All members of the defending team (including the goalkeeper) position themselves behind the back-line to defend against the penalty corner. Only the goalkeeper is allowed to position her/himself inside the goal. All other defenders must be outside the goal on the side furthest from where the ball is being put into play.

The ball is 'pushed out to an attacker waiting to receive it. Before a shot on goal can be taken, the ball must first travel outside the circle. The receiver then usually pushes it back into the circle for the shot either by her/himself or another attacker.

Once the attacker on the back-line begins to push the ball out, the defenders on the backline may move into the circle and do their best to stop the other team from scoring.

But quite a lot of the time a goal is scored and one team of players will be celebrating!

It's a long explanation, but in practice, it all happens very quickly and is exciting to watch.

A penalty stroke is a shot taken on goal by a chosen player and defended only by the goalkeeper. (All other players must stand in the other half of the pitch.) A penalty stroke may be awarded for a few reasons, the most common being an offense by a defender in the circle to prevent the probable scoring of a goal. The shot is taken from a spot 7 meters directly in front of the goal. Match time is stopped when a penalty stroke is being taken.

A regulation-length indoor hockey match lasts 40 minutes - which is broken into two halves of 20 minutes each. The team with the most goals at the end of the 40 minutes is the winner. It is also possible for a match to end in a draw (or tie). But in some matches - like in a tournament or a championship game - there must be a winner. In those cases, a match that is tied at the end of regulation time, then often goes into extra time (the first team to score in extra time wins), and if necessary, to a penalty stroke competition.

Rules of Hockey

Using sticks that are flat on one side and curved on the other, two teams hit and dribble a solid plastic ball down the field and try to shoot it past a goalkeeper into a goal cage. Goals can only be scored when a shot is taken from within the striking circle; a semicircle extending 16 yards from the goal.

The team with the most goals at the end of the game is declared the winner.

  • Two Halves, 35 minutes each in collegiate and international play, 30 minutes in the high school play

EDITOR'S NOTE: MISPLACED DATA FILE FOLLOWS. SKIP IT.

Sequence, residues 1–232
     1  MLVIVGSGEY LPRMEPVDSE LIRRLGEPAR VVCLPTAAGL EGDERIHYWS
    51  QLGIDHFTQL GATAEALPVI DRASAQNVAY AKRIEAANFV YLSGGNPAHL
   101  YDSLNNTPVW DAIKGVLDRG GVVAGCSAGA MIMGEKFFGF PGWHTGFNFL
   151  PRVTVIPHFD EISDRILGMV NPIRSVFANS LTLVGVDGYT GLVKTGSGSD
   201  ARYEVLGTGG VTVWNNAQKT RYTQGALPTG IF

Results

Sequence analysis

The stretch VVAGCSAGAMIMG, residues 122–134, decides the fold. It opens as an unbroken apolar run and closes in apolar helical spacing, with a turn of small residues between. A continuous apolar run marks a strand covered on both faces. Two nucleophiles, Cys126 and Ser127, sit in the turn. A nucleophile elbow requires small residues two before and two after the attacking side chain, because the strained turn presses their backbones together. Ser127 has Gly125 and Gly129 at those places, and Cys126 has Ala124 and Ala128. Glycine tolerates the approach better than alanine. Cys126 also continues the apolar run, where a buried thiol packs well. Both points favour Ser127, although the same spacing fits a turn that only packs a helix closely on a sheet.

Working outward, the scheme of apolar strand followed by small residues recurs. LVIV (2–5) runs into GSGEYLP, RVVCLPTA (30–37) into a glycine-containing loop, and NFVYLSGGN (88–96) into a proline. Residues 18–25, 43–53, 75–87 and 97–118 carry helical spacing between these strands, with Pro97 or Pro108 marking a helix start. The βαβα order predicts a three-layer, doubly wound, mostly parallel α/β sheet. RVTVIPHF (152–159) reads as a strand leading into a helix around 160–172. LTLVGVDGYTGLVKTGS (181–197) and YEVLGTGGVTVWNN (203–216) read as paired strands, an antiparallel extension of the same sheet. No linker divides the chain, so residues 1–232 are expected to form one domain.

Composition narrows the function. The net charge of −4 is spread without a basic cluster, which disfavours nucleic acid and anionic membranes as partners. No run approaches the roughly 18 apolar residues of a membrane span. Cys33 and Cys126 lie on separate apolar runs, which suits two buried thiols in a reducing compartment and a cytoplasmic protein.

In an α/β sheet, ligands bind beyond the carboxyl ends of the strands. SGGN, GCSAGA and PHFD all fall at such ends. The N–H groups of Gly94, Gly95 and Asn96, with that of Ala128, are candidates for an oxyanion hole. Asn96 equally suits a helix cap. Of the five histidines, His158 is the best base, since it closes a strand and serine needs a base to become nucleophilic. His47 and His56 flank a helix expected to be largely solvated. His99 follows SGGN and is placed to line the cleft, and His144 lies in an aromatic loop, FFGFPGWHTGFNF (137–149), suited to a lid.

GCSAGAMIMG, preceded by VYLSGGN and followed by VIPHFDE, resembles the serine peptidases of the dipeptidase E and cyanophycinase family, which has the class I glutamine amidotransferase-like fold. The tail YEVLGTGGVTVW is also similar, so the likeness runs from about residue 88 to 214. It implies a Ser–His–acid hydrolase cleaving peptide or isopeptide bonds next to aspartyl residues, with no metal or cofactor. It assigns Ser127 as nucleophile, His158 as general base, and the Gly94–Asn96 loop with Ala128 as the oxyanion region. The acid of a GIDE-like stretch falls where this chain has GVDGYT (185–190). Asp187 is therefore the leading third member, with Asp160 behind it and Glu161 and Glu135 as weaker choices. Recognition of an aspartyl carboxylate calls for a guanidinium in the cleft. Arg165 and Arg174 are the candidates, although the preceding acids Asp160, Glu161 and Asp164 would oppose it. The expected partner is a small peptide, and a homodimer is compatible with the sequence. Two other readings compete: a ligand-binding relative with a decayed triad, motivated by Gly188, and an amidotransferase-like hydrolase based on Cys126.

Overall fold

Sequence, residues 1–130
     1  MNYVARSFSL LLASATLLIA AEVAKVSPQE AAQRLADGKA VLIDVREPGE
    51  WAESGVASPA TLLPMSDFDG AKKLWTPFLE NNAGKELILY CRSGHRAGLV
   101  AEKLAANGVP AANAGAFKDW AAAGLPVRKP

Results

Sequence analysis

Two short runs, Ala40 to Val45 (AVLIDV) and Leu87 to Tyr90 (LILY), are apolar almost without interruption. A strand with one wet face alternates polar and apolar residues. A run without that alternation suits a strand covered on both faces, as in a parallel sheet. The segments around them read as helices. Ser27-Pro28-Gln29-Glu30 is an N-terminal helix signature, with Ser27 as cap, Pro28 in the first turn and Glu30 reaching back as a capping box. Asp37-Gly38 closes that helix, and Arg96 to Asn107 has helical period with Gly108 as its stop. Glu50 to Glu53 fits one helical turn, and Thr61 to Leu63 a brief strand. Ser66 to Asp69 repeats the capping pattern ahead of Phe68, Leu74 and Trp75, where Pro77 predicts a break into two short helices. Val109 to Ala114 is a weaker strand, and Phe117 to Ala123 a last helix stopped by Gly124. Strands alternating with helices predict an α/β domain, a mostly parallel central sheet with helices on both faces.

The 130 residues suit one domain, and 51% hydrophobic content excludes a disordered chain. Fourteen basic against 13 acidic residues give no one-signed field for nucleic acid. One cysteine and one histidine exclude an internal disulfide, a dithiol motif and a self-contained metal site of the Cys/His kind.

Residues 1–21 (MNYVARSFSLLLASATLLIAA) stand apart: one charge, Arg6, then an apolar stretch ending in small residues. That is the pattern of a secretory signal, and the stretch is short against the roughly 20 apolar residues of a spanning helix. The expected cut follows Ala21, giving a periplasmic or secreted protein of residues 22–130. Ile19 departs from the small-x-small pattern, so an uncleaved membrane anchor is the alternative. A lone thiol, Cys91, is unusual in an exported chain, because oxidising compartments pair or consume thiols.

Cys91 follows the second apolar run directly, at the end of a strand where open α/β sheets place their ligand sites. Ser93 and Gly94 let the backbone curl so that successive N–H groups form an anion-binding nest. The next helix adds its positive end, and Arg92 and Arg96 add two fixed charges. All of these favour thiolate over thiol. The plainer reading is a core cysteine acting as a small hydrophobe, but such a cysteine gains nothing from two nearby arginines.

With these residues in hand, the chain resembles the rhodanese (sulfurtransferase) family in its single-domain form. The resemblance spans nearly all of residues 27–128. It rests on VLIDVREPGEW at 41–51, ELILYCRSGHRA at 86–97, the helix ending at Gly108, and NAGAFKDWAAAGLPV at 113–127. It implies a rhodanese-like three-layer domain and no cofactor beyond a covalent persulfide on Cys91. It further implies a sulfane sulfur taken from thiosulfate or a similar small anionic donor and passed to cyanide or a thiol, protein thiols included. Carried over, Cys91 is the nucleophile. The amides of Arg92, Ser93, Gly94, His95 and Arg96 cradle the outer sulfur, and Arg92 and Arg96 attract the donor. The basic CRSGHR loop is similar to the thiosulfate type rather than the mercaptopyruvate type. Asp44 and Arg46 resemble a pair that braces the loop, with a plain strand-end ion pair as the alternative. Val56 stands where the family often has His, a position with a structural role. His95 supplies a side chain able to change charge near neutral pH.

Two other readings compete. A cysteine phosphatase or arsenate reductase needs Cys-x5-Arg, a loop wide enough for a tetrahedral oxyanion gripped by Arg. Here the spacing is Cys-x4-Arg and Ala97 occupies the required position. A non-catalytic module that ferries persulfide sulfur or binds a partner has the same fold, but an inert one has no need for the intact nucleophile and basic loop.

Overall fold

• 11 players per side, including the goalkeeper
  • The back and side of the cages are 18 inches high.
  • Two umpires on the field officiate the match. An additional umpire may sit at the scorer's table.
  • The ball must be passed or dribbled down the field with the flat side of the stick.
  • A goal is scored when an attacker strikes the ball into the goal from within the striking circle.
  • Players may not shield the ball using their bodies or stick. All players must have an equal chance to play the ball.

The Field

  • The field, or pitch, is 100 yards long and 60 yards wide (91.40m x 55.0m) divided by a centerline and a 25-yard line on each side of the field. A striking circle is marked 16 yards (14.63m) out from each goal post. Although the game is often played on grass, all official international matches are played on watered-down artificial turf.

The Stick

  • The stick has a curved head, is rounded on one side, and is flat on the left-hand side. The ball can only be touched with the flat side of the stick. The stick is made of hardwood with a minimum weight of 12 ounces and a maximum weight of 28 ounces.

The Ball

  • The ball, slightly larger than a baseball, weighs between 5 1/2 ounces and 5 3/4 ounces with a circumference of 8 13/16 inches to 9 1/4 inches. The hardwood sticks are 36-38 inches long. Players may strike the ball only with the flat side of the stick.

The Goals

  • Goal cages are 7 feet (2.14m) high, 12 feet (3.66m) wide, and 4 feet (1.22m) deep. Boards on
  • In international play, in classification rounds or games that require a winner to advance to the next round, if the score is tied after regulation, extra time of two, 7 1/2-minute periods are played. The game is ended when one team scores a goal. If the score remains tied after overtime, penalty strokes may be used to determine the winner. In penalty stroke competition, each team selects five players to take alternating penalty strokes against the opposing goalkeeper.